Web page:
Damp - Cellar Waterproofing and Tanking

Water seeps into our cellar

Q We moved into our end of terrace Victorian house 2 months ago. The cellar was damp when we moved in and since then we have had a lot of rain. There is a drain in the cellar floor which is working fine. The small walled front garden has a natural arched drain hole in the gate post; there is also a wall which is midway from the front wall and the house. When it rains the garden seems to be holding water and coming back through the cellar wall. At the side of the garden is a very small path and 3 steps up into the house, in the cellar underneath this area water is permanently dripping in onto the concrete. What is the best way to rectify the drainage at the front of the house? Next doors cellar is dry. This must have been happening over a long period of time as a lot of the mortar between the bricks on the front cellar wall is very soft like putty.

A You will appreciate that it is very difficult for us to visualise the situation you describe thus our ability to offer advice is limited. From what you describe it sounds like you need the services of a ground work company to install some land drains to divert the ground water. Have a word with your local authority and see if they can provide you with some names. Failing that do nothing as what you are seeing has probably been this way for many many years - what you do depends upon what you want to use the cellar for.


Split level waterproofing

Q We live on the south-facing slope of a Wealden clay hill in a 1920s semi-detached brick cottage with external cavity walls.  The rear half of the house has a solid floor and the front half has a suspended wooden floor. We are thinking of adding a two-storey extension to the side of the house and, because the house is on a slope, we'd like the extension to be built on a slightly lower level (we'd have split level home). There appears to be a, probably bitumen, DPC around the outside of the existing house which would be above the level of the floor of the extension. We do have a slight problem with some dampness in the existing house i.e. those connected to the solid floor. How could we successfully deal with damp-proofing the extension and protecting the existing house from damp. I would appreciate your suggestions.

A There are many products and systems that cater for the split level situation you describe so do not let this worry you or put you off. Your architect should advise you what should be used (it's dependent upon site conditions) then if it does not work he is held to account.


What is the hole size for a sump?

Q What is a typical depth and diameter of the open hole in the cellar floor prior to inserting the pump, gravel and equipment etc.

A A regular sump/pump/gravel chamber built into a cellar floor would require an opening in the floor of between 650mm and 750mm square/diameter/cubed. The sump should also be fixed into position otherwise there is a risk of it 'floating' up.


Damp cellar - where to begin?

Q I have just recently moved into a 1900 Victorian Terrace. I don't know where to begin with the cellar as some of the walls are a bit damp. I am only going to use it as a games room. I had a damp course done 6 months ago. The walls where it got replastered looks like they have dried out but they have bits of crystal on, what does this mean? Also the old paint that was already on the walls is starting to bubble and flake off, again I'm not sure what this means? I will be buying a dehumidifier but not sure what type/size I should get. I eventually want to repaint all the walls but not sure what procedure I should be doing! I would appreciate any advice you can give me. Thanks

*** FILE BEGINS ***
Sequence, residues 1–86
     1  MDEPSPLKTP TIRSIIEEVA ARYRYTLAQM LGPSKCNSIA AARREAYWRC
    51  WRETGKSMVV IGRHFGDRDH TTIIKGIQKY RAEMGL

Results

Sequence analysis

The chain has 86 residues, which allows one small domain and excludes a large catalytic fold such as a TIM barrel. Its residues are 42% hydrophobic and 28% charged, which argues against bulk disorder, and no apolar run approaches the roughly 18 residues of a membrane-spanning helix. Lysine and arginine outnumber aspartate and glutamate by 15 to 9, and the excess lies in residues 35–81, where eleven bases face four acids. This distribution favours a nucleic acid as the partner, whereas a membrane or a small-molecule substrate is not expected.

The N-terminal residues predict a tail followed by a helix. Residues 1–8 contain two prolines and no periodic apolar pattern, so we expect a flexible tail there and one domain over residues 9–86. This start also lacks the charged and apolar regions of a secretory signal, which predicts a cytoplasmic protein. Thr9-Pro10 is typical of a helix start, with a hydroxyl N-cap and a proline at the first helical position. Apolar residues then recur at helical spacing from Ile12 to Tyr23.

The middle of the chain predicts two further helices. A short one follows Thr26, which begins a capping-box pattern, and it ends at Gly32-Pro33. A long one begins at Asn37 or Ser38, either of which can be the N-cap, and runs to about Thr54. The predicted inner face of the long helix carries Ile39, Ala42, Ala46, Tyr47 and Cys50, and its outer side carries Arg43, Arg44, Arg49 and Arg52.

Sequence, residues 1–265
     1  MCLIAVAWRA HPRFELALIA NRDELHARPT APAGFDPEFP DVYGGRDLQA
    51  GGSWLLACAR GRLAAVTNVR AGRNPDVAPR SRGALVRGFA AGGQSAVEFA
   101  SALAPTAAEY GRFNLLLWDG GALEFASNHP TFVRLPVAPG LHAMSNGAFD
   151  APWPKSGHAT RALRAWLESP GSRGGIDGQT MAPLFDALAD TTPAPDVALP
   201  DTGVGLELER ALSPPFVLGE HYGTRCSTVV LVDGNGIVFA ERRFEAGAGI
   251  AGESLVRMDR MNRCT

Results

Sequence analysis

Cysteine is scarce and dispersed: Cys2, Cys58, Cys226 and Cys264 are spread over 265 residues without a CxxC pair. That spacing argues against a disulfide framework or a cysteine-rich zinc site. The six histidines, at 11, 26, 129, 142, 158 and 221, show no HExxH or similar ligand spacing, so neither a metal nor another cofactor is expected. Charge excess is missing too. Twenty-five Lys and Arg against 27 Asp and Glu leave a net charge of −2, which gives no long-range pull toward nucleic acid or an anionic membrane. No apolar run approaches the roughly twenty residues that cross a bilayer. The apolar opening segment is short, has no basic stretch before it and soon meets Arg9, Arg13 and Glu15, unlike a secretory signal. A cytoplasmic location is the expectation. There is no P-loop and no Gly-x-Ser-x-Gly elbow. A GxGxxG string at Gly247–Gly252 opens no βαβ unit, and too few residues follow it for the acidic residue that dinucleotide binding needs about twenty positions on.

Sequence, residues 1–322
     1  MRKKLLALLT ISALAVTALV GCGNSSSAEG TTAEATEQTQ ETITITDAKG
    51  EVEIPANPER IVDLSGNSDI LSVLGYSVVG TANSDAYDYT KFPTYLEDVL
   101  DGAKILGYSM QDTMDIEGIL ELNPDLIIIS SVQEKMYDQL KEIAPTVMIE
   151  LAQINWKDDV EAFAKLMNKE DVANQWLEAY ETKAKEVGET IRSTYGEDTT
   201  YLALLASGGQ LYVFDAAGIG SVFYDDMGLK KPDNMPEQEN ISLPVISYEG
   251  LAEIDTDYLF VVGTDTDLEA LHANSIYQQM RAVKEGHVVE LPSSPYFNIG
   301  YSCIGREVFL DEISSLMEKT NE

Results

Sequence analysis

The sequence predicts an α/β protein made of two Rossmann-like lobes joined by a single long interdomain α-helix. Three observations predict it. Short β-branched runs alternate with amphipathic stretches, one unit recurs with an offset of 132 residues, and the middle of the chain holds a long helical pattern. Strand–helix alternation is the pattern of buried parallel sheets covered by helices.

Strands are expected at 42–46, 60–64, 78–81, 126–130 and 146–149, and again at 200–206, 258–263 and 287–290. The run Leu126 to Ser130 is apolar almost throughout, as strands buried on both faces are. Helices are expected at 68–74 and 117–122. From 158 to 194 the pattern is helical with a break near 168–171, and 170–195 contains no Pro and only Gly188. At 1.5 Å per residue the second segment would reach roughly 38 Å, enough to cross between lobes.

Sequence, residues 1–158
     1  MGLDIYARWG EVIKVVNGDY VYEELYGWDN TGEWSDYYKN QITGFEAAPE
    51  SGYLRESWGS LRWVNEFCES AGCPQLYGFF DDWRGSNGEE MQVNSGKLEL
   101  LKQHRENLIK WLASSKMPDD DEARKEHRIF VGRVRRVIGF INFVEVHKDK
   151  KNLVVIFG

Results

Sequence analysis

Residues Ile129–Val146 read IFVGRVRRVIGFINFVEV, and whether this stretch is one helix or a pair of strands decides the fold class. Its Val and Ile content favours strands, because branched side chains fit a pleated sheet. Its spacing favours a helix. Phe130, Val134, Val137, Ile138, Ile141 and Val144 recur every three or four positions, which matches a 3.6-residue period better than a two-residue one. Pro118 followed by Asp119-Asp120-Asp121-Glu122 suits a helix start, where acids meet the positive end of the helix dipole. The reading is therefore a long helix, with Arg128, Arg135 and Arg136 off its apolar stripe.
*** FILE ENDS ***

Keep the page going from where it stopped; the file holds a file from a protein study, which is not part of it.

A By cellar we understand this to mean an area under the house with some of the walls, if not all, earth retaining. As a consequence to provide dry wall surfaces it is necessary to either tank or dry line the walls from floor to ceiling which should be linked to a waterproofed floor. A remedial DPC in a cellar situation is seldom of much benefit. The white crystalline deposits on the surface of new plaster are probably sulphates which are present in most building materials, especially finish plaster. They usually form as the new plaster dries and may be brushed off. If they keep appearing it means water is continually evaporating and greater investigation is needed. Old paint bubbling off walls in a cellar is usual as the walls are probably damp. A DPC injection will not stop this happening. A dehumidifier will do little other than remove moisture from the atmosphere - it will not suck moisture out from the walls of have any significant effect upon drying them. Have you had a chemical DPC injected in your cellar and does it have earth retaining walls? Let us know. What you are probably asking is if there is a short cut way to damp proof a cellar - the answer is unfortunately no. It has to be an all or nothing approach otherwise you will be wasting your money


Damp cellar may ruin my ceiling

Q Firstly like to say what a great website and the good advice offered!
Now to my problem. I have a 1900 house with a basement, which has a large grill for ventilation and beneath the grill is a board loosely covering the outside steps to enter the cellar. Water definitely enters the cellar this way but at the foot of the steps there seems to be 2 little wells for some form of soak away, which I think is then creating moisture under the cellar floor (which is made of some form of old stone bricks) and then making the floor very damp (i.e. cardboard left on the floor overnight well away from the steps was soaking the next morning) and seeming to dampen the walls also. I have just had a new cellar ceiling put up with plaster and am concerned about the damp ruining it as it appeared to do with the previous ceiling (which I believe was of original construction) Please can you advise me what course of action I should take as I do not have a clue?